I have another with a hose bib selected with the largest valve opening I could find. There is a shutoff valve inside with a drain port. At the end of the season, I shut off the inside valve and open the drain, and open the outside valve. When I connect the hose in the spring, I close the drain cap and open the shutoff valve.
  8. kordts

    kordts In the Trades

    Messages:
    551
    Location:
    exurban Chicago
    I used to install the Quartermaster 1/4 turn frostfree sillcock, but had two service calls on them this year. I found a local supply house that carries the Legend 1/4 turn and I like it a lot better.

    [​IMG]
    Last edited by a moderator: Dec 15, 2008
  9. Were they broken handles? .......or leaking? I've only had one leaker out of a few hundred and replaced the innards......fixed the problem. All the rest were handles breaking.
  10. joe in queens

    joe in queens New Member

    Messages:
    36
    I agree with Mark on Woodford... though I have a combined hot and cold frostfree hose bib with vacuum breaker... solid brass, very nice, though a little pricey, but well worth it. Now the dog can easily be washed outside all year round, and the car can be washed without freezing hands in the winter (hot water also works better to get rid of road salt).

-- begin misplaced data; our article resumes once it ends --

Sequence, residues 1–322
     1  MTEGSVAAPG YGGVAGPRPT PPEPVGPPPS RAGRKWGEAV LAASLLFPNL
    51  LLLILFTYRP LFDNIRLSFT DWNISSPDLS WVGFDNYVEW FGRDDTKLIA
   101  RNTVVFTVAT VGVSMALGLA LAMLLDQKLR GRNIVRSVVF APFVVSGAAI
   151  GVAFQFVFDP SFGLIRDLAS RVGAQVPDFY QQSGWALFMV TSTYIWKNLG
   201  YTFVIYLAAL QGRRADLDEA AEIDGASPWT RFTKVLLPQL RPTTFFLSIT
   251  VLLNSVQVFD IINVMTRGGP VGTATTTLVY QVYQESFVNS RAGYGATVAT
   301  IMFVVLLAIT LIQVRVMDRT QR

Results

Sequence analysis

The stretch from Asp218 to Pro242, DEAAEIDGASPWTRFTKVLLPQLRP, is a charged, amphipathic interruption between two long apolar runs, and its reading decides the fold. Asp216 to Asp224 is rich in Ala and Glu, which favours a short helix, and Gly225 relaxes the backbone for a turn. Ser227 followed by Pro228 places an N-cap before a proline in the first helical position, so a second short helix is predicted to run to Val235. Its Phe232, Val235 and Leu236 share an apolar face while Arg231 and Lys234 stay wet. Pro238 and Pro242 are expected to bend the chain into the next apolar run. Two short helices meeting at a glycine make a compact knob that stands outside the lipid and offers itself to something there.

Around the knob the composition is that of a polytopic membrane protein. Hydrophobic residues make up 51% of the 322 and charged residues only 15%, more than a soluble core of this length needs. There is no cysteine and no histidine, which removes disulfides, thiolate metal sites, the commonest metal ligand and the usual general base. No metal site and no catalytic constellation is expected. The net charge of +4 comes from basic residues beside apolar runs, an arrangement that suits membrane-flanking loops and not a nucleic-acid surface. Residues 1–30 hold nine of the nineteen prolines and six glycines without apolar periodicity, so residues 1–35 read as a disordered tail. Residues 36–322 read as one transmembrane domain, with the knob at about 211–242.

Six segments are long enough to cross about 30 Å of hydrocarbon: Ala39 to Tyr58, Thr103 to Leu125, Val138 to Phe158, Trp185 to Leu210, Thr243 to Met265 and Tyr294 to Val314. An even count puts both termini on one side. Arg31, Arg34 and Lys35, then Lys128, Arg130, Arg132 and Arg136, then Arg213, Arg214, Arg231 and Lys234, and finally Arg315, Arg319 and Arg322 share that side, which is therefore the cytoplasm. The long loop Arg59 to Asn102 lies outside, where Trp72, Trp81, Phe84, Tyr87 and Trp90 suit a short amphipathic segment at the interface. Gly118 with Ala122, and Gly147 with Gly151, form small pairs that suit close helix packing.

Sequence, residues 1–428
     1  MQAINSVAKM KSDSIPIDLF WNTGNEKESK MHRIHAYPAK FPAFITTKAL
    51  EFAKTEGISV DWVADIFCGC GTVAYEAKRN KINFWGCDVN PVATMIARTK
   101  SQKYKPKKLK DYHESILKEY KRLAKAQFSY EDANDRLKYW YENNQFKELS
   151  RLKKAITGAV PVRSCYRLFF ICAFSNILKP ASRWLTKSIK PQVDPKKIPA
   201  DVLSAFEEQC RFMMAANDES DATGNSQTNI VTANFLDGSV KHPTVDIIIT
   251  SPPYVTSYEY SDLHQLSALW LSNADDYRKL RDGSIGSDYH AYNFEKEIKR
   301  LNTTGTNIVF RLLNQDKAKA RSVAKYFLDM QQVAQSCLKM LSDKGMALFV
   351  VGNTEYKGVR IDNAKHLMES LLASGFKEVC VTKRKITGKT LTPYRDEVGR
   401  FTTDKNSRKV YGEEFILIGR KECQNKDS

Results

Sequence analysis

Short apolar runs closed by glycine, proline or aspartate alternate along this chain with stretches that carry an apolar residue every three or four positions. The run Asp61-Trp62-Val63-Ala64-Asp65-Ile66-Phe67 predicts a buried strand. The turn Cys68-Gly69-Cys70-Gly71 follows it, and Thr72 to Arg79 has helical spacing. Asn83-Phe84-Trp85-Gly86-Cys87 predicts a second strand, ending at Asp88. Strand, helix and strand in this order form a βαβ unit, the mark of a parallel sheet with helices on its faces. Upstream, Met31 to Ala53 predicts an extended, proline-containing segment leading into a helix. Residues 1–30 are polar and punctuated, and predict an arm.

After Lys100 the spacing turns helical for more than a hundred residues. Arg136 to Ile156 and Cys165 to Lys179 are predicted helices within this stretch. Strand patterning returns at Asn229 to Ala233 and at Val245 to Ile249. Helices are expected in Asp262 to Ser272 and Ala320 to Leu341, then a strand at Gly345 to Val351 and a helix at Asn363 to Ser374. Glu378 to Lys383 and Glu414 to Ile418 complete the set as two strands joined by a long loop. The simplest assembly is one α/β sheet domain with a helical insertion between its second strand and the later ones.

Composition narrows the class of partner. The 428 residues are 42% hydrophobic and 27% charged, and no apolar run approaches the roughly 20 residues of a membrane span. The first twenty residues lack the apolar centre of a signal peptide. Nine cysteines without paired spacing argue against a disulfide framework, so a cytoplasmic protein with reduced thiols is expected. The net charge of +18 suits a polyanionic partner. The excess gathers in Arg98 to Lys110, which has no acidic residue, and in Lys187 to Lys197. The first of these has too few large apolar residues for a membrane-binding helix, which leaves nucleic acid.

11. Gary Swart

    Gary Swart In the Trades

    Messages:
    7,386
    Location:
    Yakima WA
    I concur with the previous answers, but I would add a word of caution. Always disconnect your hoses from the faucets in the winter. Frost-free faucets will not drain with hoses attached and will break when the water freezes.
  12. kordts

    kordts In the Trades

    Messages:
    551
    Location:
    exurban Chicago
    Both of the QMs were leaking. One, I pulled the stem and found a twisted o-ring. The other I swapped the cartridge with a new one. Unfortunately, both were under a year old, so I got to fix them for free.
  13. leejosepho

    leejosepho DIY scratch-pad engineer

    Well, y'all sure convinced me! Frost-free it is, and I will look for Woodfords.

    What is the issue with PVC inside the house? The line coming in from my well and submersible pump is 1" PVC, and I was only planning to use PVC for the plumbing back to the outside spigots. For everything else, I am using CPVC to replace old galvanized and a little PVC.